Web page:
'Significant changes' at Target following hack, as UK government launches 'cyber streetwise' campaign

By Danny Palmer
13 Jan 2014 View Comments
A padlock on a hard drive representing cyber security

US retailer Target has revealed its planning "significant changes" following a data breach that resulted in hackers stealing details concerning at least 70 million customers in the run-up to Christmas.

Further reading

Initial figures suggested a toll of 40 million Target customers, but a month on from the cyber breach being discovered, it was revealed the number of affected individuals is in fact almost double initial estimates.

An investigation by Target has found information around names, mailing addresses, telephone numbers and email addresses had been stolen by hackers. Malware stored on Target's point of sale registers is thought to have allowed hackers to open the breach and make off with data about millions of customers.

Target CEO Gregg Steinhafe has insisted the chain is safe to shop at and that in addition to the ongoing investigation into the hack, the company is looking into how it can prevent a similar incident in future.

"We are in the middle of a criminal investigation as you can appreciate and we can only share so much. We are not going to rest until we understand what happened and how that happened," Steinhafe told CNBC television. 

"Clearly we are accountable and we are responsible - but we are going to come out at the end of this a better company and we are going to make significant changes," he added.

It's thought that Target isn't the only major retailer to have fallen victim to cyber criminals in the run-up to Christmas. However, security experts close to the matter haven't yet disclosed the identity of these firms.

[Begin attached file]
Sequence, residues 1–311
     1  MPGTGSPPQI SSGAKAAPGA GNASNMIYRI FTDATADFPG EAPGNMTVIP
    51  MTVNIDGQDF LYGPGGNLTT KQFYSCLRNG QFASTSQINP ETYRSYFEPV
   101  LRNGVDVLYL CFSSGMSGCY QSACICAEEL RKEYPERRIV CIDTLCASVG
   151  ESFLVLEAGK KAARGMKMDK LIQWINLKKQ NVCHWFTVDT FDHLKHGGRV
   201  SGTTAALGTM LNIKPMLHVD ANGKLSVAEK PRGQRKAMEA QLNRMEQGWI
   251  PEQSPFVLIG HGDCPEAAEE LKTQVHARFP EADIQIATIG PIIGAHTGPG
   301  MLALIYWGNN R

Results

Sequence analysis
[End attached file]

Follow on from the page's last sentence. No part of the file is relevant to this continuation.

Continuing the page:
According to Chris Wysopal, co-founder and CTO of risk management solutions provider Veracode, a phishing scam is the most likely method in which hackers breached Target's databases.

"This was obviously a very sophisticated attack given the timing, which is perfect for collecting the most amount of card data in a short period of time," he said

"The malware was likely customized for the type of POS terminals Target uses. We don't know yet how the malware got on the terminals. At least part of Target's network must be compromised," he continued.

Wysopal added that while wireless networks have been at the heart of other data breaches, such as at discount fashion retailer TJX, this probably wasn't the case for Target.

"For the TJX attack the attackers got in through insecure wireless networks. That's not likely how they did it here. More likely it was a phishing attack or they got in through an insecure web application," he said.

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